The email said this has contributed the writer’s decision to be an atheist!

I wrote back and said, “Don’t let them take away your faith. Don’t let them get by making you to feel as though there is no God.” I said, “You don’t have to be an atheist. Jesus is on OUR side, not theirs. Don’t let them think for a minute that Jesus doesn’t see them as the 21st century’s den of robbers. They rob others of their faith by claiming they speak for God and that God doesn’t really love everyone.   

You see, the center of corruption is no longer the temple or the church. Today’s chief priests tried to teach their Gospel of oppression and hate from the pulpits. They tried to abuse scripture to make it appear Jesus was on their side. They failed.

It’s almost St. Patrick’s Day. I want to illustrate what I am saying with a little Irish history. When the English first started trying to control the Irish and enslave them, they sent the priests to explain why the word of God expected them to be good slaves. It didn’t work. Why? Because the priests spoke English, not Gaelic. They didn’t speak the people’s language.

So then the English went to the government. If they’d just pass the right laws or refuse to pass others, the Irish could be controlled by a unjust, discriminatory, oppressive system.

You see, that’s where we are today. The fundamentalists tried to make their case that God wants the poor and the gay and the immigrants and others to be oppressed. But they found they don’t speak our langauge and we don’t speak theirs. When they learned they could not persuade us from their pulpits, they went to the Capitol Building.

There’s a hymn called “The Anger of Christ” the lyrics of which speak to this third Sunday of Lent, the day Jesus lost it in the temple:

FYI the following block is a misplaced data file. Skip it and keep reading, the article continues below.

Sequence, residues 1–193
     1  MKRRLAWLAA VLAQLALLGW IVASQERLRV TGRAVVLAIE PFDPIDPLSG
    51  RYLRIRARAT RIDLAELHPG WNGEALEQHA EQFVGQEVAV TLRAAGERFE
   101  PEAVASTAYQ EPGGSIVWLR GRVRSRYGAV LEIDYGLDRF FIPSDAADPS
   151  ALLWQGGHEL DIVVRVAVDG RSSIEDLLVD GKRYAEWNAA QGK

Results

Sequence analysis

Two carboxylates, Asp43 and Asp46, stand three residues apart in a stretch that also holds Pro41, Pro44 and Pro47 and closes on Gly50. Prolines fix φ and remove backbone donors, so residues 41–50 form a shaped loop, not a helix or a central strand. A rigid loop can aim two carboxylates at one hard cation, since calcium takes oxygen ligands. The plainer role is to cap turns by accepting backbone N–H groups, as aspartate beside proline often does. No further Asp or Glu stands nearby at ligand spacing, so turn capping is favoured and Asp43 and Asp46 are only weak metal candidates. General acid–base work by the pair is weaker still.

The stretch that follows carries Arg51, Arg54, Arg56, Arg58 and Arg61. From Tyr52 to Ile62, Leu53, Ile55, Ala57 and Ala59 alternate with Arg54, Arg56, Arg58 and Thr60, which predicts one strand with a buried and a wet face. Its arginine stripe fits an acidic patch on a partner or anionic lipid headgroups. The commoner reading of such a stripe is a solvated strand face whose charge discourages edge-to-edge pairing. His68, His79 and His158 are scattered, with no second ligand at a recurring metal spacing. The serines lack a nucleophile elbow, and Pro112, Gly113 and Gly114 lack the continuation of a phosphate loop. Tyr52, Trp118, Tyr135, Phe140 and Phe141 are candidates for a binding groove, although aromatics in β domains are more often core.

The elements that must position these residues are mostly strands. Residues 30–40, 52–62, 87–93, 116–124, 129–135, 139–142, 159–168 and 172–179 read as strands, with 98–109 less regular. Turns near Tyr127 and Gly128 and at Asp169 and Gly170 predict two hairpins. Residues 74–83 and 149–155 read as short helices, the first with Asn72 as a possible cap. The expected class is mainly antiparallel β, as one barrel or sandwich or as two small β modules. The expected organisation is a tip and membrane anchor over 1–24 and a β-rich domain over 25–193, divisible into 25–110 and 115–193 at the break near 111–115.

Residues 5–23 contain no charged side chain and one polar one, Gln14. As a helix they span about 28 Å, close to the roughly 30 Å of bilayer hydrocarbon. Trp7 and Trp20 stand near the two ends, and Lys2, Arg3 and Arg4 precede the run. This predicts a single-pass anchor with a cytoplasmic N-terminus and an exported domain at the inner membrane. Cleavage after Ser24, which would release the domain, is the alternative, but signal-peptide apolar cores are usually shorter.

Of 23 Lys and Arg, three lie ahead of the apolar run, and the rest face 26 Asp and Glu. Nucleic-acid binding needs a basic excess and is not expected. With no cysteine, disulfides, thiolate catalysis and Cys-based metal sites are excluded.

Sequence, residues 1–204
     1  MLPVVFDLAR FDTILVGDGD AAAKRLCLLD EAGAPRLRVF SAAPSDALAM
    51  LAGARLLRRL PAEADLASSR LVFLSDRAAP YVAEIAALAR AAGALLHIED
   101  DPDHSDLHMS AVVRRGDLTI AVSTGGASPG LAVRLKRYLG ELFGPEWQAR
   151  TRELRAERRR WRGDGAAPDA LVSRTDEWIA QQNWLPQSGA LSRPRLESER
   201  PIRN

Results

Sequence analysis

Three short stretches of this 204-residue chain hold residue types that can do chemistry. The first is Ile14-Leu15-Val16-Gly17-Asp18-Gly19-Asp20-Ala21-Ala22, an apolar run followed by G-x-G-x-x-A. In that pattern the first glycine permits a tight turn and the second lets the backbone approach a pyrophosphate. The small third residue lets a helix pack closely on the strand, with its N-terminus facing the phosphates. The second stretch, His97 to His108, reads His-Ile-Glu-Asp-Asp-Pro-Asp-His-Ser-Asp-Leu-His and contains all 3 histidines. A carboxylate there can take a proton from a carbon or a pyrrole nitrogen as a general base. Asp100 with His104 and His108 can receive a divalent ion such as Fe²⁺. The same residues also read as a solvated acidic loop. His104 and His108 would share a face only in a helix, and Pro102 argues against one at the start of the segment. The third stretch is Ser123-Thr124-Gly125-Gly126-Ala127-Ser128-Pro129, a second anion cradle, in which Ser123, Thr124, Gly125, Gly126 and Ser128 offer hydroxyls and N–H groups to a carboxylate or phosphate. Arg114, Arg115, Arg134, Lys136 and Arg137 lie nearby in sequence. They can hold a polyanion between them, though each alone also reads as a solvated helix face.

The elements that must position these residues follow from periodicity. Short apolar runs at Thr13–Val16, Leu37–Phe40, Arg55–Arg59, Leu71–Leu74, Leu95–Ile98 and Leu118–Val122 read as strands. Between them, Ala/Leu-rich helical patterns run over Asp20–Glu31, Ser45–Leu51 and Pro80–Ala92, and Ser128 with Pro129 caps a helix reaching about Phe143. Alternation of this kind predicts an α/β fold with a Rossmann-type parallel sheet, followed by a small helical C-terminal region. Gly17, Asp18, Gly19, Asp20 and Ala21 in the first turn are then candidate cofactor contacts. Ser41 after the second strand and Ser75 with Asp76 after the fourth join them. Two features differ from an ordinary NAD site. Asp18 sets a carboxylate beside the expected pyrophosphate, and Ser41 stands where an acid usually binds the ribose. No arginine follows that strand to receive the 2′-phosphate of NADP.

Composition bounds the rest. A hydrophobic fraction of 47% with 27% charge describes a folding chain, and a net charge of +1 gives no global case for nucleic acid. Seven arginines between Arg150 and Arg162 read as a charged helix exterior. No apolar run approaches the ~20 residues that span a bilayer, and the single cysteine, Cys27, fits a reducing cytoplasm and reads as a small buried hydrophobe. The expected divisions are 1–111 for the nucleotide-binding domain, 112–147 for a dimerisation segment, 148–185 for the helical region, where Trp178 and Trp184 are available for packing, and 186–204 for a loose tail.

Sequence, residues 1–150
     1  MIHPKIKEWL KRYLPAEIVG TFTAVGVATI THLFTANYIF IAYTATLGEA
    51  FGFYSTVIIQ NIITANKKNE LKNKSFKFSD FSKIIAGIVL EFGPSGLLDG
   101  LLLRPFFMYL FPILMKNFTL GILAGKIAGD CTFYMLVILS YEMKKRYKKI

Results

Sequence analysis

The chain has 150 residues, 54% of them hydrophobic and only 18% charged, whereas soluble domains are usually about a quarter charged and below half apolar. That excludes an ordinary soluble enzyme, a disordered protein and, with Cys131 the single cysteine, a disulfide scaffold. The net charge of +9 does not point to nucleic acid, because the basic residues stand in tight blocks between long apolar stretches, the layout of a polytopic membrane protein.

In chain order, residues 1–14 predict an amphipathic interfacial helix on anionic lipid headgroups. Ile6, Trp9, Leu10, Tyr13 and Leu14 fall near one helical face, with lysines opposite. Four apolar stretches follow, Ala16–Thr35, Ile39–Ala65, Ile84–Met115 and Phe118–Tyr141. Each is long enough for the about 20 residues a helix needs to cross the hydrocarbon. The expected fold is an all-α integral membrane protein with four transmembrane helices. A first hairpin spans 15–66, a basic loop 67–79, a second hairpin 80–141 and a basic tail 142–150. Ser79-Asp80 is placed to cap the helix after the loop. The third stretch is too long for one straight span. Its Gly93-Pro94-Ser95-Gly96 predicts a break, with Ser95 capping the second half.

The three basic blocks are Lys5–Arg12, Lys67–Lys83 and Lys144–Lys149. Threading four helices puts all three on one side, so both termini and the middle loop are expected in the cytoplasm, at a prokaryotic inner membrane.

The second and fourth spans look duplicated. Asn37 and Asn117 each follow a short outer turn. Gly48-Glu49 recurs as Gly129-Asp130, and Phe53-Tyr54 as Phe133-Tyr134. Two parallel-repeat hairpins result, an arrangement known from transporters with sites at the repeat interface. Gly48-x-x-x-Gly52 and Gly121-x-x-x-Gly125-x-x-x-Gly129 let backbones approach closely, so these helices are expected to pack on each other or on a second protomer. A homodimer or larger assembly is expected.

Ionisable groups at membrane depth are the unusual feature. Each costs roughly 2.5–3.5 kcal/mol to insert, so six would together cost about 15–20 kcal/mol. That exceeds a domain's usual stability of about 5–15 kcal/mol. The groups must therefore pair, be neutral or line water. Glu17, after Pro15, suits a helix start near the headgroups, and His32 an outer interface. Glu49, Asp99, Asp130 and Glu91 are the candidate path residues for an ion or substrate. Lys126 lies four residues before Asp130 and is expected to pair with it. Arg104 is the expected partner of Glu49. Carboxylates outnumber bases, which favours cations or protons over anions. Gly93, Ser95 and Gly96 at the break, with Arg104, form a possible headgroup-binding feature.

May the anger of Christ be mine,
 when the world grows hard and greedy;
 when the rich have no care for the poor,
when the powerful take from the needy.
    In a world of restless change,
 standing for love and faith and justice;
 in a dark confusing time,
 we bear the light, the shining light of Christ

If Jesus were around today, he would not have headed for the temple. He’d have headed for the modern day den of thieves, the place where the politically powerful have conspired with the religionists to maintain political, economic, and social injustice. 

If Jesus were around today, he’d make a whip of cords, and drive all of them out of that den of robbers, along with their sheep and cattle. He’d overturn their tables and their lives and the power they hold over others. If Jesus were here…

…wait…Jesus is here! Jesus is among us and he’s working through us. Have you seen the trailer for the CNN special about Jesus? “The clues he left behind? WE ARE the clues he left behind.

The Passover is near. Jesus is going up to Jerusalem and he wants us to with him. AMEN